Many-Headed Hydra

From P2P Foundation
Jump to navigation Jump to search

Book: The Many-Headed Hydra: The Hidden History of the Revolutionary Atlantic, by Peter Linebaugh and Marcus Rediker.


David Bollier:

"I’ve gained an eye-opening perspective on piracy in recent days from reading The Many-Headed Hydra: The Hidden History of the Revolutionary Atlantic, by Peter Linebaugh and Marcus Rediker. The book brings to mind Howard Zinn’s People’s History of the United States. It’s a history of ordinary people as capitalism became a global force in the 17th and 18th Centuries. The book is not about piracy as a metaphor, but about the literal pirates of history. (Thanks to Lawrence Liang and Prashant Iyengar for the tip!)

The Many-Headed Hydra is the story about how slaves, soldiers, sailors, factory workers, laborers and other commoners from dozens of countries were pressed into the service of global capitalism on ships and plantations, and in factories and distant colonies. Proto-capitalists eager to accumulate wealth from global trade and conquest quickly realized that their work required the enclosure of the commons. They also needed to devise new types of servitude — wage slavery, indentured servitude, impressment onto ships, and outright capture and slavery. The maritime state arose to facilitate these needs. And so, through the dispossession of the commoners and their forced servitude, England came to dominate the early slave trade and became a great power.

The “pirates” were renegade populations of former slaves who had managed to escape their captors. Reconstituting themselves on pirate ships, they showed that cooperation and resistance were not only a useful way to escape slavery, but an attractive alternative to the brutish, ruthless norms of the commercial world. From the 1670s to 1730s, write Linebaugh and Rediker, “The ship became both an engine of capitalism in the wake of the bourgeois revolution in England and a setting of resistance.” As working conditions on ships deteriorated – too little food, rampant disease, involuntary servitude for years, withheld payment, etc. – sailors often mutinied.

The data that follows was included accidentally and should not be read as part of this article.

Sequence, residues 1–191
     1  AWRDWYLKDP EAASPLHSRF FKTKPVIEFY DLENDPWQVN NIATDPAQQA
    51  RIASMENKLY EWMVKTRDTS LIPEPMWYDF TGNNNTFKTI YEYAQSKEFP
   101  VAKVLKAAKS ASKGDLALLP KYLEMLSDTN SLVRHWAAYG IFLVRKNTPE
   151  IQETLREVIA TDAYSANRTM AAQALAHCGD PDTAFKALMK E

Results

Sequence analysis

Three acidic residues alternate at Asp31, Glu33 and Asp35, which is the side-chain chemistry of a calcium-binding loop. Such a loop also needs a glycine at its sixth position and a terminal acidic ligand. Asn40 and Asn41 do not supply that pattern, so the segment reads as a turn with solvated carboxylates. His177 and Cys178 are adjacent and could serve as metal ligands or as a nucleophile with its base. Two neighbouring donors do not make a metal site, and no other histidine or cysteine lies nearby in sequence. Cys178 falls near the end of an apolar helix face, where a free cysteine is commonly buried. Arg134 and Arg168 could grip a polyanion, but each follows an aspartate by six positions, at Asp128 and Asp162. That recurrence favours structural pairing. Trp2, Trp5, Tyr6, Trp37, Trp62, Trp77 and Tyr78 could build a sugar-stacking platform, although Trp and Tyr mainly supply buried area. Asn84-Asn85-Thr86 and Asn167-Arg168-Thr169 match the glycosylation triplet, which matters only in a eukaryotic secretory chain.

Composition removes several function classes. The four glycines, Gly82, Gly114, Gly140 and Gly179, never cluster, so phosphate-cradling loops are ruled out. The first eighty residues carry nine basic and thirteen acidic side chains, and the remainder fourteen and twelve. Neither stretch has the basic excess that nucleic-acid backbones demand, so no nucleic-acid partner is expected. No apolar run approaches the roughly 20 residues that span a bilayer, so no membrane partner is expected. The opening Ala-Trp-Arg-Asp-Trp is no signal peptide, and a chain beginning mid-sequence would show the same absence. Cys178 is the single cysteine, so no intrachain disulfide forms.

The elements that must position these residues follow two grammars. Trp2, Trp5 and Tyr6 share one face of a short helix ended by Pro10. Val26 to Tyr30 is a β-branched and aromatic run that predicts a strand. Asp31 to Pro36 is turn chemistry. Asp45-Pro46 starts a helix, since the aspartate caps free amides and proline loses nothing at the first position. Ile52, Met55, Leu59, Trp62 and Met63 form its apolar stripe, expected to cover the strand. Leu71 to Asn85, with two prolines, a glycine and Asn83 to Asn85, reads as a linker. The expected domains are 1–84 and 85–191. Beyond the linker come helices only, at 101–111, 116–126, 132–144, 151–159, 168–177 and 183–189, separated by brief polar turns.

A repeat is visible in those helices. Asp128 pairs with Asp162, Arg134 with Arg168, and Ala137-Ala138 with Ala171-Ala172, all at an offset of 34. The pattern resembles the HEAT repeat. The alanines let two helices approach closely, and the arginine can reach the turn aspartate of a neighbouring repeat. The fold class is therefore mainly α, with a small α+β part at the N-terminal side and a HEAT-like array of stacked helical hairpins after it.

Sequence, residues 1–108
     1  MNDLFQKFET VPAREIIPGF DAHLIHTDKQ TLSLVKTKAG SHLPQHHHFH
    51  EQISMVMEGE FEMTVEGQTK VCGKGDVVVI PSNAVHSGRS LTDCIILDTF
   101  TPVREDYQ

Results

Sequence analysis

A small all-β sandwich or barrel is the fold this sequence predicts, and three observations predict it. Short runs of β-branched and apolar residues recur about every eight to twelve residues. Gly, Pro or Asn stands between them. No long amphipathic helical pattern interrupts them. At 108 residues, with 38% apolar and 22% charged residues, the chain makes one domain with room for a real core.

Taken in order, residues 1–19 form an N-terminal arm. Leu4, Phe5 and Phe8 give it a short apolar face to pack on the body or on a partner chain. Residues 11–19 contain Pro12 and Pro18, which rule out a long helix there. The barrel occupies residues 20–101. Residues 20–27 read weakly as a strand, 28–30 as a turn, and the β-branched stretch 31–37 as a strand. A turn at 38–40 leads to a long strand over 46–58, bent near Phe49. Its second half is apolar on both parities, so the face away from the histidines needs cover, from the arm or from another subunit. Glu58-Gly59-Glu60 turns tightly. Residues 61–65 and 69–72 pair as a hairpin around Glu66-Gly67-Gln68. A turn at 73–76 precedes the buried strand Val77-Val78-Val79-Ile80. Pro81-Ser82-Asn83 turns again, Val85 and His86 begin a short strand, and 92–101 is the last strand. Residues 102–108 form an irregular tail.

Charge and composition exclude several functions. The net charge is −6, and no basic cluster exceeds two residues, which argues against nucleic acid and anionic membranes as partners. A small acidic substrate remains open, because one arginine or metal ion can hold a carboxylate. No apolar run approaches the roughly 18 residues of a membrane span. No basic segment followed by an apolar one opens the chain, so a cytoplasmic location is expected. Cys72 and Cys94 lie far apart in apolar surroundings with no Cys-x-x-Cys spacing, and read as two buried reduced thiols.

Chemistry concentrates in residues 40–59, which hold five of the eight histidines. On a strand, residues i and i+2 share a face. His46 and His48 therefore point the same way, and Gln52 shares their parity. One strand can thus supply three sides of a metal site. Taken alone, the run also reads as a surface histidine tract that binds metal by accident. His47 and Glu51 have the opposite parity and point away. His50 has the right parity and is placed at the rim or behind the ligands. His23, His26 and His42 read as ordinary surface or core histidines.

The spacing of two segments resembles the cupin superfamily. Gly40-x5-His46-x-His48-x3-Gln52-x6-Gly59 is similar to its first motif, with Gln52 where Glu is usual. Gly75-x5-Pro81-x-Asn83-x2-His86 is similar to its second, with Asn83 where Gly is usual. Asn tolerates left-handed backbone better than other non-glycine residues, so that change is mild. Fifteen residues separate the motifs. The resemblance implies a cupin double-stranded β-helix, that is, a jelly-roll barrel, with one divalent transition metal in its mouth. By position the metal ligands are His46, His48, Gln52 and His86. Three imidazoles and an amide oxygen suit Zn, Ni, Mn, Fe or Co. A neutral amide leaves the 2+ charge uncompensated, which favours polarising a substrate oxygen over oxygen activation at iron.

Ships became “a breeding ground of rebels,” because of the harsh conditions and the lack of recourse to law. They also became “a forcing house of internationalism” that brought together Africans, Britons, Irish, Dutch, Porguguese, quashee and countless other races and cultural traditions. Soon the “hewers of wood and drawers of water” of diverse cultures and ethnicities – the outcasts of all nations – developed their own subterranean cultures of cooperation, egalitarianism and democracy. As Linebaugh and Rediker write:

The early-eighteenth-century pirate ship was a “world turned upside down,” made so by the articles of agreement that established the rules and customs of the pirates’ social order, hydrarchy from below. Pirates distributed justice, elected officers, divided loot equally, and established a different discipline. They limited the authority of the captain, resisted many of the practices of the capitalist merchant shipping industry, and maintained a multicultural, multiracial, multinational social order. They sought to prove that ships did not have to be run in the brutal and oppressive ways of the merchant service and the Royal Navy…. The pirate ship was democratic in an undemocratic age.

Piracy was reviled because it broke the law – but more to the point, because it disrupted the slave trade. Pirates would often raid English and Dutch ships carrying full loads of African slaves and slave-made goods and gold to market. Piracy was not good for business because it introduced new costs, uncertainties and losses to commerce. It didn’t help that many pirates were former slaves and involuntary laborers who had escaped from servitude. In this sense, the mere existence of pirates set a “bad example” because they flouted the majesty of the law, which dictated that some people be treated as private property. Today’s pirates are making a similar statement against commodification – in this case, of creativity and culture.

Pirates were a dangerous lot not just because they could be quite violent, but because they demonstrated alternative forms of work, community and authority. They demonstrated viable alternatives to the brutalities of commerce and the maritime state." (